Have the major political parties lost touch with what's important at the local community level?
According to the results of a poll commissioned by ALGA, Australians certainly think so – 81% agreed that political candidates should focus on local issues and local communities at the next federal election.
In a bid to refocus the major parties back to what's important for local communities, ALGA has this week launched its federal election document All politics is local – 12 ways to deliver for Australian communities (www.allpoliticsislocal.com.au).
ALGA's federal election document outlines a number of proactive policy initiatives that will optimise a Commonwealth-local government partnership and provide solutions to the challenges our communities are facing.
Each of the initiatives is designed to benefit every community by improving local services and infrastructure, promoting fairness and boosting local, regional and national productivity. Modelling demonstrated that, combined, they will add more than $8.97 billion to Australia’s Gross Domestic Product and create more than 24,000 new jobs, with economic benefits distributed across the entire country.
Although an election hasn't officially been called, politicians are well and truly in election mode and this is the perfect opportunity to capitalise on the untapped potential for a major political party to champion local community interests.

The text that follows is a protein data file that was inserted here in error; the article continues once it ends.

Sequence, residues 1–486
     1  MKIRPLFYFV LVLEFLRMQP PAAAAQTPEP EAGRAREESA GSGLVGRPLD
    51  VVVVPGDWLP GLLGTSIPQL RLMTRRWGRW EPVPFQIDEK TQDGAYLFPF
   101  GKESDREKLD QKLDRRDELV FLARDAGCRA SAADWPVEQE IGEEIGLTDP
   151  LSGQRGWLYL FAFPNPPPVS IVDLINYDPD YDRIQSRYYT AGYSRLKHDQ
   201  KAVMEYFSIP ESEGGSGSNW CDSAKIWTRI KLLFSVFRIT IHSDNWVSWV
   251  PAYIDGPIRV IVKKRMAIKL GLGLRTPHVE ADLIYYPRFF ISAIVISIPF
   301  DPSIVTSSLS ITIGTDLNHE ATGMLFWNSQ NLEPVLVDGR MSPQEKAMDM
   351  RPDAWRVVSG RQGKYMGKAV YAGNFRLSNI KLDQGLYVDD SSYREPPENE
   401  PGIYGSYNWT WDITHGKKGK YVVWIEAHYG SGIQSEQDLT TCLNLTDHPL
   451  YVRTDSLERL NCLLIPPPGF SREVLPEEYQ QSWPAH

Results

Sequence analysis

The coming weeks and months will be a busy time for ALGA as we reach out to politicians to promote these initiatives.
However, if we want our needs be seriously considered by the political parties and their candidates at the next election, we need you to localise them. I cannot overstate how important it is for our sector to present a united front in our calls for greater investment in local government, local communities and local jobs.
So, meet with your local federal candidates and tell them which bridge, which road, which sporting facility, health program, housing project or other need matters most to your community. Then point to our election policies as the framework for your local member to justify a funding program.
This is more than a one-off kind of approach – instead it nurtures a sustainable and ongoing partnership between local communities and their federal government.
ALGA has made it simple for councils as well as local government associations to help strengthen the advocacy happening at the national level by preparing federal election advocacy kits which are available on ALGA's election advocacy website: www.allpoliticsislocal.com.au.
Advocating and articulating the shared priorities of local government with local candidates is critical. If we can get enough candidates championing our local priorities, the candidates will carry our calls into their party rooms and we will ultimately get national programs funded by government and more projects delivered for our communities.
Mayor David O'Loughlin